Acquisition Integration for Portfolio Companies

Over the years, we’ve consulted with a number of Private Equity clients and their newly acquired portfolio companies.  PE firms invest in portfolio companies, in large part, based on the ability of the acquired management team to execute on an agreed-upon strategy, use capital efficiently and provide the underwritten ROI.  PE firms usually do not want to get involved in day-to-day management.  What they do want is timely and accurate reporting to provide an early warning if things are going off the rails.  This reporting requirement is often an early point of frustration in an otherwise good relationship.

The incumbent management team has probably been operating for years on a monthly reporting package, largely comprised of a simple P&L report.  The PE firm’s portfolio management group will want more detailed financial reports and operating data.  They want to quickly peruse the monthly reports for exceptions.  If all is going well, the management team may not get many questions beyond a status inquiry on strategic execution.  However, if the local management team can’t produce timely and accurate reporting after a reasonable post-acquisition period, then they might get a visit from the PE firm’s consultants to help them get their reporting up to speed.  We have completed a number of such assignments.

We usually start with a Fast Track diagnostic review to determine what is bottlenecking their ability to provide their PE firm their required reports.  We would want to look at the accounting organization; does it have the bench strength to support the new reporting requirements or does it need beefing up?  We’d also want to look at the processes by which data is accumulated, summarized and reported.  Does the General Ledger Chart of Accounts need to be revised to facilitate new more detailed financial or operating reporting requirements?  What are the review processes for ensuring timely and accurate monthly closings?  What are the Accounting and reporting IT toolsets?  Does the Accounting system need to be upgraded?  Are they using Excel for all reporting or would a different reporting package be better suited to the new requirements?  We then develop an implementation plan to improve the portfolio company’s reporting function which we usually sort into Quick Hits and Focused Improvement Opportunities.[1]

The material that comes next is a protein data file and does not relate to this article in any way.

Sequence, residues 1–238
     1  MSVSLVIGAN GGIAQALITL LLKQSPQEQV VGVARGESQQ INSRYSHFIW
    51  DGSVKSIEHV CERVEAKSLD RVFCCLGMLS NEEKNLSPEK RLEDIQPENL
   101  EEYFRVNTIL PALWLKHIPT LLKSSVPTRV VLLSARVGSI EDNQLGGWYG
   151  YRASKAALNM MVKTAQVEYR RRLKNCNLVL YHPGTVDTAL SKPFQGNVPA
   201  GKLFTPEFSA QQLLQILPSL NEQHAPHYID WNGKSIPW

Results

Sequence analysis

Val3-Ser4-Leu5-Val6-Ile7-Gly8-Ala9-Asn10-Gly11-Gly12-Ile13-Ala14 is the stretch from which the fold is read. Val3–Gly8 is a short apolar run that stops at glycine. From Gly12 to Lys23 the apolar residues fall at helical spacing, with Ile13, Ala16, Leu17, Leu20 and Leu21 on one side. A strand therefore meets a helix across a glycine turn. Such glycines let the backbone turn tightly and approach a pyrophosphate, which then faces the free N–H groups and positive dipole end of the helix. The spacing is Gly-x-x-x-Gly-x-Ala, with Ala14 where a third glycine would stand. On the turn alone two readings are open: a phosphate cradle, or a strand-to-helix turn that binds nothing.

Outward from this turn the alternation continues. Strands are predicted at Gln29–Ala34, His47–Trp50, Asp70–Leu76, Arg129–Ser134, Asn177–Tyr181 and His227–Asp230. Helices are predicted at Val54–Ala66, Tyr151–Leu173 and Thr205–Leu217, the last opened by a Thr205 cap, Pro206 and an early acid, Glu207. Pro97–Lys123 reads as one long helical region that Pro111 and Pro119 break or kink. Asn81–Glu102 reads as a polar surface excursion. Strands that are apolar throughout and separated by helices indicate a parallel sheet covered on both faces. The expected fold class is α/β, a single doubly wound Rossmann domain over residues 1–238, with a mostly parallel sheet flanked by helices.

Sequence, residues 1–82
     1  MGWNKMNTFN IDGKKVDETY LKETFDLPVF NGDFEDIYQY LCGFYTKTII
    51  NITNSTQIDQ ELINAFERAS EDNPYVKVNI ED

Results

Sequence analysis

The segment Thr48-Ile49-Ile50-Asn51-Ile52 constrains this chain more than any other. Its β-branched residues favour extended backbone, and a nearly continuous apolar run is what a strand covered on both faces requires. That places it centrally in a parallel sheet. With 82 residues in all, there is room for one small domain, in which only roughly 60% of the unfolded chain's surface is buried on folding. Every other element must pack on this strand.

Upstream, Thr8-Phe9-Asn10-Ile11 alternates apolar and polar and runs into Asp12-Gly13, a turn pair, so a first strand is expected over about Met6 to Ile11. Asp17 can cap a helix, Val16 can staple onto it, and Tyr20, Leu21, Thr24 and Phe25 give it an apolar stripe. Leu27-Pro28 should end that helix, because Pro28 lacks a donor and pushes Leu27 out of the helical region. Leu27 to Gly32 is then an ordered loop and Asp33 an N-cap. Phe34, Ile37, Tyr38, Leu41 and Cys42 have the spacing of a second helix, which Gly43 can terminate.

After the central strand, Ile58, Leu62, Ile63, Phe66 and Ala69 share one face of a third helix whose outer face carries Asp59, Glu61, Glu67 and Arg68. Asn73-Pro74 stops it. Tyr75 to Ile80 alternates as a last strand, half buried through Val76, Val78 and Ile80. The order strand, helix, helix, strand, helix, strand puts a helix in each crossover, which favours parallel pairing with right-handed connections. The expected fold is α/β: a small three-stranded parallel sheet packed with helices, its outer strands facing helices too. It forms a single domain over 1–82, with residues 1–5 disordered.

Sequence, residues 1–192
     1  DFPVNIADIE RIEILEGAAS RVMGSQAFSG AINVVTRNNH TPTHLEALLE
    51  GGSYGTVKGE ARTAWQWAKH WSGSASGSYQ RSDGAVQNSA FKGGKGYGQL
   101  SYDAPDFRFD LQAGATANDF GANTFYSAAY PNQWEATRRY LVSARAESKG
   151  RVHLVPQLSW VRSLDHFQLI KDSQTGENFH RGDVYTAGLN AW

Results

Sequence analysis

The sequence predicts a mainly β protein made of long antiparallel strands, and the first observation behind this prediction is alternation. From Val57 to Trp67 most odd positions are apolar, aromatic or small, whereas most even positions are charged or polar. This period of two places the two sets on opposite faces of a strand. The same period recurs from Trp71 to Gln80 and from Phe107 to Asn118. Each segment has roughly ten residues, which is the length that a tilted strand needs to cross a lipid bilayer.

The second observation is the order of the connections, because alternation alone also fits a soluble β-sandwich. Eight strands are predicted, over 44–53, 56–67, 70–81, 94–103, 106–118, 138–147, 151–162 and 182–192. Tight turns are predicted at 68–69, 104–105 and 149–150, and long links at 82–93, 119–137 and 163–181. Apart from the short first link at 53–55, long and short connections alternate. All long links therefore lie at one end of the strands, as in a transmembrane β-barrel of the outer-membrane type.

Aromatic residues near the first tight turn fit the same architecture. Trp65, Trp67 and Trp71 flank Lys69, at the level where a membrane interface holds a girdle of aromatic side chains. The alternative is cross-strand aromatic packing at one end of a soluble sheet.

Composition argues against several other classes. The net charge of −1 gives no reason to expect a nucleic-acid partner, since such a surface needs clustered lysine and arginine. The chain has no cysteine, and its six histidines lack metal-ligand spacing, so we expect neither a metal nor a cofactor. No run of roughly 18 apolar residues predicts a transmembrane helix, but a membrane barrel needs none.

Here are several examples of how we’ve helped PE clients and their portfolio companies get their reporting on track.

  1. A leading PE firm in New York, had acquired a branded furniture manufacturing company in North Carolina about a year prior. Financial reporting was been slow and getting slower.  When the reports were sent to the PE firm and questions were raised, the CFO would take months to pull an answer together.  That was causing concerns within the PE firm.  They were still solidly behind the management team but questioned the ability of Accounting function.  They wanted to be helpful with their new management team – not punitive – in sending us in.  Here is what we found in our diagnostic review.When the acquisition was completed the PE firm had funded the implementation of a new accounting system.  The implementation was never fully completed and ran over budget.  The CFO didn’t want to ask for more funding to complete the project.  As a result, he had cobbled together the old and new (incomplete) systems, using Excel as a reporting bridge.  That made the monthly close a very time consuming process.  That caused a several-months lag in each monthly close.  Then when the PE firm raised normal questions, the analysis was impossibly time consuming.  Each question posed caused a cascading effect of causing additional bottlenecks.  We proposed a plan that included completing the implementation of their manufacturing ERP system together with a restructuring of the General Ledger chart of accounts and a newly designed monthly reporting packages.  We also proposed a bar-coding system on the factory floor to better track WIP inventory.  We completed our implementation plan on time and on budget and the PE and local management teams maintained their otherwise good relationship.